There was yet another branch of Mussons in Bermuda. This was the family of Samuel Musson, one of the youngest sons of James Sr. Samuel was a merchant in St. George’s in partnership with his older brother, John. Their advertisements in the Gazette show that they imported a wide variety of goods, from foodstuffs to pine planking and geese – whatever they thought would sell. They also worked as auctioneers, and secured contracts to provide British troops in St. George’s with provisions.
Samuel married his cousin, Susannah Musson, daughter of Paynter Musson of “Fairview” on Flatts Hill. Susannah had a brother, Samuel Paynter, who settled in Barbados and became a very prominent merchant there. He gave Samuel and Susannah land stretching from Flatts Inlet to Harrington Sound, and it was on this property that Samuel built a fine home, “Palmetto Grove,” probably around 1820. “Palmetto Grove” still stands as the main building of the Palmetto Bay Hotel complex. Its interior has been changed completely, but Samuel Musson, were he alive today, would still recognise the building’s handsome main facade.
Samuel may well have ben affected by his brother John’s financial collapse, but it appears that he was assisted by his wealthy brother-in-law in Barbados, which may have got him though hard times. He continued to live at “Palmetto Grove,” where he died in 1872 at the venerable age of 95. As an old man, Samuel would sit by the roadside under the shade of a mahogany tree he had planted as a young man (this tree still stands at the entrance of Palmetto Bay Hotel). He would offer passing friends a glass of sangaree and spend the afternoon in conversation with them. When he died, the Gazette wrote that “the deceased gentleman was esteemed universally.”
Although Samuel Musson had several children, only one daughter, Anne, left descendants in Bermuda. Anne married William James Trott, a grandson of the Hon. Samuel Trott and Elizabeth Musson, and they lived at “Rose Cottage,” in what is presently Kilderry Estate, Smiths Parish. William James Trott and Anne Musson had several sons, including Harley Trott, who became one of the most prominent merchants in Bermuda in the second half of the 19th century, and who was the original owner of the Princess Hotel. It was he who bought “Frascati” from Augustus Musson’s heirs and had it run as a guest house. Harley Trott’s son, Dr. Dudley Trott, was a highly respected doctor and businessman, and his children include the late Mrs. St. George Butterfield, the late Lady Hall, Lady Conyers and Mrs. Charles Burland.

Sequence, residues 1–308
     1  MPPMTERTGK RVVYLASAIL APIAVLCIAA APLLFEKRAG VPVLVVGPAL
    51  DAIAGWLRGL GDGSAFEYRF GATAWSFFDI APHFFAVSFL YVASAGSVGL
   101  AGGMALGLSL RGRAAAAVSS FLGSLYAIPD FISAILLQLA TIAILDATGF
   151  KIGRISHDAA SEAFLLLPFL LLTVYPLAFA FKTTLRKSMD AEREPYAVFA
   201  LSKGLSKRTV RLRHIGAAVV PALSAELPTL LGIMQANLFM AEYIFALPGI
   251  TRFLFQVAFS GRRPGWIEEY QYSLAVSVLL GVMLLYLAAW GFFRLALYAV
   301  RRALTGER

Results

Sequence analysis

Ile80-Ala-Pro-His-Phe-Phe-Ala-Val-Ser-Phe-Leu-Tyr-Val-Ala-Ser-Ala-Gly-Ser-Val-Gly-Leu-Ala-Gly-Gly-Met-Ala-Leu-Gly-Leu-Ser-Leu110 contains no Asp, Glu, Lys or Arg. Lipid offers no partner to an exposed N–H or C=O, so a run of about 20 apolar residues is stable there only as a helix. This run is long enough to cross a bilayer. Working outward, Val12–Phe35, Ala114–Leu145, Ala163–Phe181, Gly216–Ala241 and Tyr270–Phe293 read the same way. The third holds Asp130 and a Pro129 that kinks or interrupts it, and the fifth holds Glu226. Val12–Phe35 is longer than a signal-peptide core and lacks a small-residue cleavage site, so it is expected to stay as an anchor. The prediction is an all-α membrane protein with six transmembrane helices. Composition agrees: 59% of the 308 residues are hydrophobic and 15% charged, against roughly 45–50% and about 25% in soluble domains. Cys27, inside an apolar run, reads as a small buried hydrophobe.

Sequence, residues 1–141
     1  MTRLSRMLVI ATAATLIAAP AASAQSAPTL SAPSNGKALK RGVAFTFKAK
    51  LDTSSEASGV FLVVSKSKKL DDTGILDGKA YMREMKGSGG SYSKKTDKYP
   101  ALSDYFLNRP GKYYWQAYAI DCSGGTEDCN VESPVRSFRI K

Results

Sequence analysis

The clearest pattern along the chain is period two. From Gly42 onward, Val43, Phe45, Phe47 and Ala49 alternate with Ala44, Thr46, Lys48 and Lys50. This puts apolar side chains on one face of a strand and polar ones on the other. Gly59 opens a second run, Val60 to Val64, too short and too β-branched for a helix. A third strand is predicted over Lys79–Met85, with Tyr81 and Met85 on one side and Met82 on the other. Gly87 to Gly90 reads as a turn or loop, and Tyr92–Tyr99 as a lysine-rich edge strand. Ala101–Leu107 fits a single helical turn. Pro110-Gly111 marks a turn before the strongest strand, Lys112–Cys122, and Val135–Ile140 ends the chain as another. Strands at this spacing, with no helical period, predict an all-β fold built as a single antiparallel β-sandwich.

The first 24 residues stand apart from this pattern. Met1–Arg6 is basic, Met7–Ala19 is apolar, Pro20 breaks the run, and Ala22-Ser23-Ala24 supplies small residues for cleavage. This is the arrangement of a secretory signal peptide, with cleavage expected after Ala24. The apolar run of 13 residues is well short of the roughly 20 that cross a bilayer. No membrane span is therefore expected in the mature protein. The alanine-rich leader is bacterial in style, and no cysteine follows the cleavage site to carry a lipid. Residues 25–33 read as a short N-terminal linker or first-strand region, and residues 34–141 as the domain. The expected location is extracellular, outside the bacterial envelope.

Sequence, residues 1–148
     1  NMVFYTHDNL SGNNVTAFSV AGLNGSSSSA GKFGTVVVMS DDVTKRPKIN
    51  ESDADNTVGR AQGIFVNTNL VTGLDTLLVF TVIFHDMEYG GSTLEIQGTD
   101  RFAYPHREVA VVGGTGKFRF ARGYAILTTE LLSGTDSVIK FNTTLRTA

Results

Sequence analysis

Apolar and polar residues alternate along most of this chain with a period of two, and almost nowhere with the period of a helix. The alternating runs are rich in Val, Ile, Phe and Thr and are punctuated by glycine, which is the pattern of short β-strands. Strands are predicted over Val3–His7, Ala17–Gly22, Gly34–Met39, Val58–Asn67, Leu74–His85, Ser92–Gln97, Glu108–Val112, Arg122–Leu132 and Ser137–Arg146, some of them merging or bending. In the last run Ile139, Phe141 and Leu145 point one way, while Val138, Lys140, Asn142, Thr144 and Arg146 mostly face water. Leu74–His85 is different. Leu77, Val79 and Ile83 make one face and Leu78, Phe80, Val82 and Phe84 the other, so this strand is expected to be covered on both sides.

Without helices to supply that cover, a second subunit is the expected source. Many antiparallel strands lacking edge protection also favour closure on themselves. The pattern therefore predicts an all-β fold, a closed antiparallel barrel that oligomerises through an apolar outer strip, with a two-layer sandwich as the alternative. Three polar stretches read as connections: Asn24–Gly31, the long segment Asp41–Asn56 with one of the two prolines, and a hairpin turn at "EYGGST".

William James Trott and Anne Musson had another son, Thaddeus Trott, who was a farmer in Smith’s Parish. He had nine daughters and one son, Sir Howard Trott, whose accomplishments are legion. One could almost fill a page listing Thaddeus Trott’s descendants, but in this mall space we will only mention Lady Claire Dill, Mrs. Polly Hornburg, Mr. W.E.S. Zuill, Sir Henry Tucker, Mr. Hereward Watlington, Sir James Pearman and Mr. Jay Bluck.
Although there are scores of descendants of the Flatts Mussons in Bermuda today, most of them know little or nothing of their Musson forbears, and most Bermudians have never ever heard of the Musson family of Flatts Village. It is surprising how memories of people who were so prominent a century and quarter ago have faded almost into oblivion.
Yet for those who want to look, there is considerable documentation available on the family in general, certainly enough to make a study far more profound and inclusive than the one we have made in this article. And, as we have seen, the old Musson homes at Flatts still stand, although “Frascati” will not stand much longer. We can hope that every effort will be made to preserve the other Musson houses at Flatts Village, both for their architectural importance as fine examples of old Bermudian buildings, and for their historical importance as the homes of an old and prominent Bermudian family which was an integral part of Flatts Village for close to 200 years.
Photo at top: Samuel Musson of “Palmetto Grove” – 1778 – 1872, from a miniature probably painted in England. (Courtesy of Mrs. Charles I. Burland.)